COVID-19 cases are up around the country, even in places that had low rates over the summer. In response, many states have increased restrictions and emphasized the need to prevent transmission. People are not listening.
Families continue to make Thanksgiving plans. Large gatherings are continuing despite the warnings. This is happening outside of the United States, as well. There’s a phrase for this: “pandemic fatigue.” People are tired of changing their behavior because of the coronavirus.
None of this should be surprising. People are often reluctant to do things they might find unpleasant to improve their health. The American government spends millions of dollars every year to educate the public about a healthy diet, for example. And yet most of this advice is ignored.
In my own work, I find little evidence of people changing their diet despite getting a diagnosis of diabetes. The same pattern occurs with infectious diseases. Even at the peak of the HIV epidemic, before widespread treatments were available, data from several countries in sub-Saharan Africa showed limited reductions in risky sexual behavior.
It is even more difficult to get people to make changes for the health of others. One of the reasons we struggle to get full cooperation with vaccinations for flu or childhood illnesses is that the benefits are mostly to public health. Childhood vaccination resistance can be overcome, but mostly when it is linked to school attendance, as California’s recent experience in improving vaccination rates for measles has shown. When we have to rely on individuals to make good private decisions for the sake of public health, behavior change is elusive.
Stemming the spread of COVID-19 requires exactly this — a change in private behavior. The virus is being spread in informal settings like parties, sleepovers, dinners in people’s homes. The spread has accelerated in recent weeks, as colder weather has moved more social gatherings indoors.
When the problem is private spread, many public health levers are no longer useful. City and state officials can lower restaurant capacity, but that won’t matter if people are getting takeout and gathering with acquaintances elsewhere.
So what is the answer? I wish there were a magic bullet for behavior change, but there isn’t. We have to recognize the futility of relying exclusively on our current approaches, and then look for something new.
Other countries have managed this better. South Korea, for example, has much higher compliance with masking and other social distancing guidelines. But that is not all; testing, contact-tracing and other public health infrastructure have proved to be just as important.
Consider the case of South Korean nightclubs. After several infected people visited five big nightclubs over a short period, government officials used cellphone location data, credit card records and visitor lists to identify about 5,500 people who may have been contacts, of which about 1,200 were closely monitored. An additional 57,000 people who were in the area were encouraged to get tested for the coronavirus.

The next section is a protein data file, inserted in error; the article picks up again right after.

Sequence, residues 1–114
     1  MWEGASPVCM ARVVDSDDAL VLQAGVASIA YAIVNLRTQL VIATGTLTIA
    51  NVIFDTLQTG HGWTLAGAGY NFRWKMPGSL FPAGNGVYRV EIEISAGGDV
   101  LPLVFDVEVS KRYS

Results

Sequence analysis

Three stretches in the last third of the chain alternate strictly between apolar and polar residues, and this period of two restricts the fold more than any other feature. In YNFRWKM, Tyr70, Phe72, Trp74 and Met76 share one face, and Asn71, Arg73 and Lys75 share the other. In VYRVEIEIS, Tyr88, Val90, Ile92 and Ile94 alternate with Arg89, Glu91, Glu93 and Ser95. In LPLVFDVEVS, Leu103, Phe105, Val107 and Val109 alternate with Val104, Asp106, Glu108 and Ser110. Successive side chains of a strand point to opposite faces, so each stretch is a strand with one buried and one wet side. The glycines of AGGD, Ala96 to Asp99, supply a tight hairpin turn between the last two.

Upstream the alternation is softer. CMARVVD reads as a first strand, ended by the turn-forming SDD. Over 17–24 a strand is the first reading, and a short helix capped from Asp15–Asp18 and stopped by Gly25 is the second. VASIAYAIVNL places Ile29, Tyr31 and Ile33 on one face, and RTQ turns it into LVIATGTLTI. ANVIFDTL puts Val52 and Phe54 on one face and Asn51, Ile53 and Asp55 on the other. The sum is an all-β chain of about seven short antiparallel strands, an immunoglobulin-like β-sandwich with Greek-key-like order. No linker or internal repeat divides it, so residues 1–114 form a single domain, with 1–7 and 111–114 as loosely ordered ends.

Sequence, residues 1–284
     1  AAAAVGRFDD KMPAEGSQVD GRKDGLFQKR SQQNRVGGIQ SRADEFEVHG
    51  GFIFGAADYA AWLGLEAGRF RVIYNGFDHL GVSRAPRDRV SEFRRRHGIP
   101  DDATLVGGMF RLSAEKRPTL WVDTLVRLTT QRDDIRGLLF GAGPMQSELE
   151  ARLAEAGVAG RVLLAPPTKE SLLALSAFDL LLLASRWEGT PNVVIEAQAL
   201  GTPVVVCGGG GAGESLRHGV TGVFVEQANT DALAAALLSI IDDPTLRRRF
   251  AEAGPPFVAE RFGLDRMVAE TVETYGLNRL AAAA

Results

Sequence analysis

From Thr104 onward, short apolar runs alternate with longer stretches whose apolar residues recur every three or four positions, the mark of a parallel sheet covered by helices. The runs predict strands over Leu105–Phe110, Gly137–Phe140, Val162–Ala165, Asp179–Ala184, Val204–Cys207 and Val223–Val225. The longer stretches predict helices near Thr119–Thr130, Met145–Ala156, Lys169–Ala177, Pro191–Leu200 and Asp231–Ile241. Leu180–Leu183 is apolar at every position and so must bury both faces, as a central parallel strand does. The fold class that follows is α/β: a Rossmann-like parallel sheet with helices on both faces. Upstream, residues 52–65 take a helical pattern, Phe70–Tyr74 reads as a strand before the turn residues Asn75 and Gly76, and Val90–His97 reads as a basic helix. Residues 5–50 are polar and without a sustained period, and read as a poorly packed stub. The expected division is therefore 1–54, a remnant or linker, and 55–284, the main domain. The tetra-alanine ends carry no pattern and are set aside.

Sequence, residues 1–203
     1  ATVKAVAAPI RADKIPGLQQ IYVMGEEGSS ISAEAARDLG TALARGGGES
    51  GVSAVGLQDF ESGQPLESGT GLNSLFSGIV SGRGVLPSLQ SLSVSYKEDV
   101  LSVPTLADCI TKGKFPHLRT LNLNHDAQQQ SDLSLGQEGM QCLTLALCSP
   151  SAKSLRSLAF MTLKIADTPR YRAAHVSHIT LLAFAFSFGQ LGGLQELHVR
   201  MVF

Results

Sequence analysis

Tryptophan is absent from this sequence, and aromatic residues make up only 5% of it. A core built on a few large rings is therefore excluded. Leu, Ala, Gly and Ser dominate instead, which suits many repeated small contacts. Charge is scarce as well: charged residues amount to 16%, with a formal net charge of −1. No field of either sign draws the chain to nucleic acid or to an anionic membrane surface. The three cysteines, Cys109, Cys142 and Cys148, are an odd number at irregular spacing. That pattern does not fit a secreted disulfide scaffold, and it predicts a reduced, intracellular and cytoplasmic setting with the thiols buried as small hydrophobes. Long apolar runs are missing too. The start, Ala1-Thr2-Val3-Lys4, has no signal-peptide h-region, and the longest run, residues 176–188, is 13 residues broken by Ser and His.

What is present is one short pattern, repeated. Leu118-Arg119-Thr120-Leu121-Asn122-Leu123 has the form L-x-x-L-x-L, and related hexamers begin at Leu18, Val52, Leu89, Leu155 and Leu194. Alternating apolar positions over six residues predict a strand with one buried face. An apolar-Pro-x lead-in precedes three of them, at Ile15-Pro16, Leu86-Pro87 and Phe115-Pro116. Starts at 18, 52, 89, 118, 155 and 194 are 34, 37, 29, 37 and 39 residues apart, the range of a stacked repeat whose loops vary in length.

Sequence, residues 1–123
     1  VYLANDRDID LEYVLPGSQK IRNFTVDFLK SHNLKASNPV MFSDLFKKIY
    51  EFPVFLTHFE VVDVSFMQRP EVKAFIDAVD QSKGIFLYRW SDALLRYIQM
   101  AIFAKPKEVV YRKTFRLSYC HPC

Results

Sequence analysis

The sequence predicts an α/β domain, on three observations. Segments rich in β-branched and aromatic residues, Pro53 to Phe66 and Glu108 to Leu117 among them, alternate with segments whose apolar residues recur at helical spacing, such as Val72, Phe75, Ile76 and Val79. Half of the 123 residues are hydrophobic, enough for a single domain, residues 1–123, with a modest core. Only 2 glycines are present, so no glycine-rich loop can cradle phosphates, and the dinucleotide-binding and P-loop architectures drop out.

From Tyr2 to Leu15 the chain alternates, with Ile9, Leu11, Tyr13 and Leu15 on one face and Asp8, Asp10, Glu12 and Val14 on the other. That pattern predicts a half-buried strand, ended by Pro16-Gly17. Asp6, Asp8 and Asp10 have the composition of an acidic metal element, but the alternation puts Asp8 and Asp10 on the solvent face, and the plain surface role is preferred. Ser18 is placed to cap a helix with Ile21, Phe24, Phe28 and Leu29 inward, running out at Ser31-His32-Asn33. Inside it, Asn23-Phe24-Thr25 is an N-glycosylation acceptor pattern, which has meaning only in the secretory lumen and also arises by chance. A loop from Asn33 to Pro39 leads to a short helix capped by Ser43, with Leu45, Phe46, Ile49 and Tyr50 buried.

This could be considered a public health failure (perhaps these potential infections could have been avoided if nightclubs had been closed), but the incident didn’t lead to uncontrolled spread. In more recent outbreaks in China, the government has tested millions of people in a short period to limit spread. Even in the U.S., some institutions that are now considered COVID-19 successes — such as elite universities or professional basketball teams — have accomplished this by using comprehensive testing, monitoring and isolation.
Americans need to start thinking about how to control the pandemic under the assumption that people are not necessarily going to listen. Testing is a key component of this. What if, for Thanksgiving, in addition to telling people not to see their families, we also emphasized getting a test before and after traveling and isolating until results were available?
We should still ask people to keep gatherings small, and reinforce the recommendation to avoid traveling, but we need to recognize that not everyone will listen. Testing is a useful backup.
Our testing capacity makes this strategy difficult in many places. But in some states, testing on either end of travel is possible. Public health officials may worry that testing should be presented only as a last resort, out of fear that it will encourage people to travel and let their guard down. But the fact is, their guard is already down.
This realization puts renewed focus on the need for a better testing system. Imagine what Thanksgiving might look like if we had cheap, rapid at-home testing kits. Our families could test every day, and catch cases fast. Tests aren’t perfect (as the White House Rose Garden outbreak showed), but rapid, widely available testing would make things safer. This technology should be part of the first line in our viral response, and it needs more investment.
The alternatives are more extreme lockdowns and punitive measures to stop large gatherings.
As with so many other health behaviors, we cannot expect solutions based solely on individual behavior change. Pandemic fatigue is real, and we need to find more realistic solutions.
Emily Oster, a professor of economics at Brown University, is the author of “Cribsheet: A Data-Driven Guide to Better, More Relaxed Parenting, From Birth to Preschool.” She wrote this article for the New York Times.